- Atheism is an intractable and inflexible belief system.
This is demonstrably false. Harris and most modern atheists adopt a scientific worldview, where all ideas are tentative and subject to reconsideration when new evidence comes to light. The unsupported claim that atheism is based on faith is a tired old trope of religious apologists.
- Atheists believe that they are under siege.
Harris would certainly have reason to. Atheists are among the most widely distrusted groups in America, and all outspoken opponents of fundamentalist ideolgy invariably attract haters. Even so, if he believes he is under siege, Harris does little to reveal it. In his writings and public appearances, he is always respectful and polite, remaining remarkably calm and poised even in the face of hostility. Bad ideas deserve to be criticized, no matter how long and honored a position they hold in society. Some people so dislike having their sacred ideas challenged that they project their fear onto those with the temerity to shine a light into the dark places.
- Atheists demonize and dehumanize their ideological opponents.
To say that atheism automatically treats all religious people as murderous fanatics is a specious straw man argument. There are demons in the world, but they damn themselves by their own actions. Fair-minded people are entirely right to call out injustice in the world, and to condemn both the perpetrators of heinous acts, and the ideas and cultural institutions that perpetuate them. People should be judged good or bad by their ideas, words, and — most importantly — by their actions.
Aslan makes this clear in his next remarks, wherein he makes a roundabout admission that Sam Harris’ blunt criticism of religion may be intellectually honest, but that it is nevertheless “dangerous”. Note that Aslan never makes the claim that any of Harris’ arguments is mistaken or unreasonable. He just thinks that they are dangerous. Why? Because religions “aren’t going anywhere,” because “religion is a growing force in the world,” and because an intellectual approach to religion “keeps us from having some very important and necessary conversations about the role of religion in society; about the problem of extremism in religious communities; and about how to reconcile the realities of the modern world with these ... scriptures that so many people nowadays view as ... inerrant.”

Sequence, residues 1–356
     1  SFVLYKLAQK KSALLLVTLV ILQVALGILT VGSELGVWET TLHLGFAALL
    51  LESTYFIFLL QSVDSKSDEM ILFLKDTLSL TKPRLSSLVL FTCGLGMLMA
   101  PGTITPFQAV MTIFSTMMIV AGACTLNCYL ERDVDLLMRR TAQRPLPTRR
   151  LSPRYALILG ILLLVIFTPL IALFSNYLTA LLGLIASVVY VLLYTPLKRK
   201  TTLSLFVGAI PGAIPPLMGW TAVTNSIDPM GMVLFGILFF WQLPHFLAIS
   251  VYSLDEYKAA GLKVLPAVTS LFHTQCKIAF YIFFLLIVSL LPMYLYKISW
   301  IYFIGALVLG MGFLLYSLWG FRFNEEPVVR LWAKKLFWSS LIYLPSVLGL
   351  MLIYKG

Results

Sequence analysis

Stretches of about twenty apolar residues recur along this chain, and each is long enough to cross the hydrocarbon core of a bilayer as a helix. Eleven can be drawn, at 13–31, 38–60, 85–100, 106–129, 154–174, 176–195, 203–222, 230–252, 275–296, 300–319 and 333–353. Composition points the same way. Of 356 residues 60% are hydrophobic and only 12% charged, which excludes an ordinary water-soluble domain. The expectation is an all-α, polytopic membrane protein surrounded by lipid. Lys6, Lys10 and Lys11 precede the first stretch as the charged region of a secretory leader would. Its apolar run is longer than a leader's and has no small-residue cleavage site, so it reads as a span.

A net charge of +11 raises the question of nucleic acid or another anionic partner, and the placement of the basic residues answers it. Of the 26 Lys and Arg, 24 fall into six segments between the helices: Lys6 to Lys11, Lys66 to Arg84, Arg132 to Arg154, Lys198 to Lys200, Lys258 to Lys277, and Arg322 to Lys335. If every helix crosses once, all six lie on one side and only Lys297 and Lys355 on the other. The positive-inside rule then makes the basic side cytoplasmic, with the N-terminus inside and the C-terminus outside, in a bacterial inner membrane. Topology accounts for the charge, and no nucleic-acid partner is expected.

He’s basically saying that pointing out the irrationality and inconsistency of religious ideas to devout believers in those ideas is counterproductive precisely because these people think and behave irrationally. The sad thing is that Aslan and those like him appear to have concluded that that the principles of the enlightenment — reasonableness and humanism — are lost causes, too risky even to be attempted.
Watch the rest of the interview. Aslan goes on to claim that all religions are ways of expressing the inexpressible — the mystery of faith. Aslan compares religion to language, suggesting that a person’s religion is as arbitrary as any other aspect of a his culture, depending more on where he was born than anything else. With verbal sleight of hand, Aslan then leaps to claiming that religious ideas are not arbitrary, and that the different regions of the world are merely different ways of accessing the same source: “religion is the well... but faith is the water... the water is the same regardless of what well you are drinking from.” Aslan’s flowery metaphorical rhetoric may distract some listeners from the fact that he is contradicting himself. Religions either differ about important matters, or they do not. We know that moral teachings, strictures, and commandments of the religions of the world are different, and this is evidenced by the actions of so many believers, who regularly murder their fellow humans for drinking from the wrong well.*
That people are willing to kill over these differences is significant! Religious moderates and atheist humanists have one thing in common: they wish to overcome these differences and reduce suffering and strife in the world. Where they differ is in their approach. Religious moderates (among whose ranks Aslan surely counts as an honorary member) espouse interfaith cooperation based on a common ground — always claimed, but never agreed upon — of core religious values. They also demand a diplomatic deference toward all believers. Atheist humanists promote a rational worldview where reason, science, and consensus are the common ground. This difference in approach is significant, and it underlies the disagreement between Aslan and Harris.
Aslan and his fellows tacitly concede that religion is often irascible and irrational, and their tack is essentially one of Realpolitik: accept that people are emotional, unreasonable, and often driven by ridiculous & selfish ideas; accept the limitations of the the world the way it is rather than trying to change it; don’t speak truth to power if doing so might stir up trouble.
Harris and his supporters on the other hand believe that bad ideas should be (politely and honestly) exposed and criticized no matter how sacred they are.
* Aslan would have made a good preacher. I get the impression that he likely would have joined the clergy, but for his apparent and enthusiastic intellectual curiosity. Aslan appears a man torn between emotionally appealing mysticism and intellectually satisfying rationality. He clearly hopes to build a bridge between these two views of the world. His attempts to reconcile the irreconcilable amount to hand-waving, but this is his talent.